August 1, 2011
Wonder is a funny thing. Take a mountain for example – you can look at it a 1000 times and see one thing, but on that 1001st turn you notice something different. As mountain climbers & guides, we have the privilege of the constant renewal of wonder. And over a five day span this summer, a group of Japanese film makers showed myself and two friends a new mountain which we had all climbed many times before. We were to climb the Fuhrer Finger route and film as we went.
As we reached our camps higher on the mountain we started to look at the mountain through their lens. I found myself saying out-loud, “this is absolutely amazing.” The Wilson and Nisqually glaciers, as they churn down the mountain, make a person feel so incredibly small.
By the time we reached the summit on day 3 everyone was quite tired yet very excited. Our plan was to reach the summit, set up camp then attempt to get into the steam caves. After a short nap we shook ourselves awake once again and began exploring, looking for an access point into the caves. The documentary filmmakers really wanted to demonstrate that Mt. Rainier was an active volcano and more importantly that the mountain was alive. Once we found a possible access point I was lowered down into the cave. I was filled with a mixture of hesitation and excitement. I was worried about being lowered into what I felt was the bottom of the earth, but excited to see what might be down there.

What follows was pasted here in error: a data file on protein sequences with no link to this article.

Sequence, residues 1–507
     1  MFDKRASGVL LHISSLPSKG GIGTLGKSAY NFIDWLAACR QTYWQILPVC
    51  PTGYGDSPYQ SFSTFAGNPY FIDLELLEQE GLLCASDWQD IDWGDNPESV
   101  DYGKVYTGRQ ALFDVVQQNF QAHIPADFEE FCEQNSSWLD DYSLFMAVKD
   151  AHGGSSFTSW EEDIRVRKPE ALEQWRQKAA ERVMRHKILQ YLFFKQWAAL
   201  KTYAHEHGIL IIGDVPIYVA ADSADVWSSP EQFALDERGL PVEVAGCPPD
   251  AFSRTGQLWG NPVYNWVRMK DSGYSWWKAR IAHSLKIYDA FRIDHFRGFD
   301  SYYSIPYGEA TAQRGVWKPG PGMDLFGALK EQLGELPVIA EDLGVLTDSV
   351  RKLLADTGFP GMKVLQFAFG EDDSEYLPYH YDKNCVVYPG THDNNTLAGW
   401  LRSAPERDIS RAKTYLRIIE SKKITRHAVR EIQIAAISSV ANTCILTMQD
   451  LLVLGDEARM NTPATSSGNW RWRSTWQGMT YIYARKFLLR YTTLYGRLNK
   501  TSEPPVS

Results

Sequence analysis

The warmth of the steam was instant. We would end up spending two and half hours in the cave, everyone wearing fleeces and hard shells. Deep in the cave we found a nalgene bottle, unfrozen. We roughly gauged one of the steam vents at 45C! I have included a handful of pictures because the words won’t do it justice.
Check out the full photo album here, and while you’re on the facebook page go ahead and click that ‘like button’.